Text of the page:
Global Economy Feels Coronavirus Burden

Although the global GDP registered a projected 1.1 percent decline during the first quarter, economists suggest that recovery is almost around the corner.
Image via Pixabay
Image via Pixabay

Companies and workers around the world are feeling the economic impact of the coronavirus outbreak. As businesses were forced to shut down in order to flatten the curve, record-high levels of unemployment claims ensued. With a growing number of countries on lockdown and only essential businesses open, many companies are experiencing the detrimental effects of COVID-19, especially those in the hospitality industry, while others such as data center companies, are weathering the crisis better. What is the extent of the pandemic’s economic pressure across the world, and what can we expect in upcoming quarters?

Steps taken

Central banks have cut interest rates worldwide, with governments introducing relief packages to offset the dramatic impact of COVID-19. In the U.S., the Federal Reserve slashed short-term interest rates by 50 basis points at the beginning of March, to a target range of 1.0 percent to 1.25 percent. Almost two weeks later, the Fed cut the rates again, to a range of 0 percent to 0.25 percent.

Meanwhile in mid-March, Japan left its key short-term interest rate unchanged at negative 0.1 percent, where it stood for more than three years. Under the monetary easing policy from the European Central Bank, the level of interest rates for Europe was negative, at 0.5 percent. Even economies that managed to avoid a downturn as a result of the 2008 financial crisis, such as Australia and China, are expected to decline significantly. Australia’s central bank kept rates at record lows in early April, at 0.25 percent for three-year government bond yields. In China, the People’s Bank cut the rate by 20 basis points to 2.95 percent.

Is recovery in sight?

According to Oxford Economics forecasts, global GDP during the first quarter likely declined by 1.1 percent and is expected to decrease by 0.3 percent this quarter. In the third quarter, the global economy is expected to recover at a faster pace, growing by 1.5 percent, and reaching 1.8 percent by the last quarter of 2020.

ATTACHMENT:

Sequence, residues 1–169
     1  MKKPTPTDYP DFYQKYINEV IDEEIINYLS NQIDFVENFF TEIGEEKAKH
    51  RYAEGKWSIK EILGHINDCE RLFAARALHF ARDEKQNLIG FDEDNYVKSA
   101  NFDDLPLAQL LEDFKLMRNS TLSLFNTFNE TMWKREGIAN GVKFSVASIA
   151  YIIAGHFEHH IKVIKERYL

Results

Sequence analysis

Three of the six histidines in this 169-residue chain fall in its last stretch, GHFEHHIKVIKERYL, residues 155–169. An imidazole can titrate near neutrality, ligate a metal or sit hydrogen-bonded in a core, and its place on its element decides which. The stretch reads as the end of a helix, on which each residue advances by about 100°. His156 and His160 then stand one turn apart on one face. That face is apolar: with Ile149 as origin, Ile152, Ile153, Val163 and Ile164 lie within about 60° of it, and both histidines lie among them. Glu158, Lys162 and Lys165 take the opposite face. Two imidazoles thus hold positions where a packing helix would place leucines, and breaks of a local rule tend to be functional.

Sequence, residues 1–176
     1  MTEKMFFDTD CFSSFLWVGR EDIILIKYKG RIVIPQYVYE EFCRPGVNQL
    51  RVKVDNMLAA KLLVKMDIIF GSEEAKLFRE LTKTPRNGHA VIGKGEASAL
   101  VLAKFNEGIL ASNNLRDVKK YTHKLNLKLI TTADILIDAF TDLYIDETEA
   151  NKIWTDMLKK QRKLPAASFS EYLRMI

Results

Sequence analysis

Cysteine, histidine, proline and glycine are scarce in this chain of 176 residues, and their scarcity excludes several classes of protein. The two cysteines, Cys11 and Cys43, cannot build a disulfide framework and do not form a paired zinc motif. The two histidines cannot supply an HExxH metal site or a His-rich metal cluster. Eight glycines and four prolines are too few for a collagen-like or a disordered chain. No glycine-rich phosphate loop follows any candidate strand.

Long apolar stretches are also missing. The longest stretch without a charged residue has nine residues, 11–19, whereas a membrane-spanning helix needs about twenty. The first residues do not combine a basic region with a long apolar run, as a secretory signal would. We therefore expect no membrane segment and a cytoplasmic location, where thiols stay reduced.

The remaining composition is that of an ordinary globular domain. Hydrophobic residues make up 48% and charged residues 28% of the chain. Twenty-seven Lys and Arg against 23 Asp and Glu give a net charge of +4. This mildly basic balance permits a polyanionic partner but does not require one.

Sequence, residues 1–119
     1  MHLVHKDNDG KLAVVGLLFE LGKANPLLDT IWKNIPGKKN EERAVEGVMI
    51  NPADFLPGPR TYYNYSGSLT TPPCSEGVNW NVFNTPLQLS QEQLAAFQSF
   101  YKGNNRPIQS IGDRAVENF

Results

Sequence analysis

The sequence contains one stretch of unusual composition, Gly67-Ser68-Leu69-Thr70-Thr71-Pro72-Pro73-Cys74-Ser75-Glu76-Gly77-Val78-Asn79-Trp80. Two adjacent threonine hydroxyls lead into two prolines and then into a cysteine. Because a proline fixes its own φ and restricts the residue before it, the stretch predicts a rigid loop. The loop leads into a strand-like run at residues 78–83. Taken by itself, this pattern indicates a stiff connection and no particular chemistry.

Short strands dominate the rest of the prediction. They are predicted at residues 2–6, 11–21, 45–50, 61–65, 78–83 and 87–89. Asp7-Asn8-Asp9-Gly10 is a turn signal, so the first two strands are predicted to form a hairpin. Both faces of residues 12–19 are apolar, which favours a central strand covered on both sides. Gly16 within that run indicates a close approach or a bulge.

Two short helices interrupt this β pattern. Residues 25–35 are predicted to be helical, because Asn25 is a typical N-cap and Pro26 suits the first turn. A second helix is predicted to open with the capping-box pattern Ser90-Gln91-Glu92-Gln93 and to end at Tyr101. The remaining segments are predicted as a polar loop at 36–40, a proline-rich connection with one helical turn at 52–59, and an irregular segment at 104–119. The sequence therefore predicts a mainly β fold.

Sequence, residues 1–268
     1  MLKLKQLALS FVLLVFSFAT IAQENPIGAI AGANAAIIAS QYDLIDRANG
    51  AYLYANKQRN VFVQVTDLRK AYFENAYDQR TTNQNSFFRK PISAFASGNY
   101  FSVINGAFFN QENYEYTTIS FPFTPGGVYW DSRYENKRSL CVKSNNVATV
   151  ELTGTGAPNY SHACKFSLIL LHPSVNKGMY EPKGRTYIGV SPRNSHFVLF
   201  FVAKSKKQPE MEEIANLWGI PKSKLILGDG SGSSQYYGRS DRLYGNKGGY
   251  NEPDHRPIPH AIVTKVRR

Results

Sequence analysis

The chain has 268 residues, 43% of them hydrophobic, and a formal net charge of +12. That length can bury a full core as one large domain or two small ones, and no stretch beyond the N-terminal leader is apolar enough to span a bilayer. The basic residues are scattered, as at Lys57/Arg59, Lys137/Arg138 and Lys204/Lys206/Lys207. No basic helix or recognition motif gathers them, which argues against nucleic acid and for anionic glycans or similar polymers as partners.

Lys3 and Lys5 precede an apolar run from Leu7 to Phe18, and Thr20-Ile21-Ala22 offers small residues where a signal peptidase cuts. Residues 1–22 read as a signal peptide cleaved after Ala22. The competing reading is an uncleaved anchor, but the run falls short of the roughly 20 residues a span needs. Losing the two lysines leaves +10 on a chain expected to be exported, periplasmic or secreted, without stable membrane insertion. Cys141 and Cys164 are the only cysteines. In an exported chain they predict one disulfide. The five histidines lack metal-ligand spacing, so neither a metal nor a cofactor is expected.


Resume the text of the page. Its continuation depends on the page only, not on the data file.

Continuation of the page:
These forecasts suggest that the economic impact of COVID-19 will be greater in the short term than that of the Great Recession, but recovery will likely be stronger, with the economy back to pre-coronavirus levels by the fourth quarter. Of course, these predictions depend a lot on the duration of the pandemic and how long countries will maintain measures meant to prevent the spread of the virus.


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While many stock markets have declined by 30 percent since the beginning of the year, they have already started to recover, as government-provided relief packages have boosted investor confidence. But as the crisis continues, markets are expected to remain volatile, with further fluctuations anticipated over the coming weeks, or even months.

Unsurprisingly, the pandemic has taken a toll on global investment volumes, which were on an upward trend since the previous financial crash. The annual volume peaked in 2018, at $1.8 trillion, then slightly decreased last year, according to Real Capital Analytics.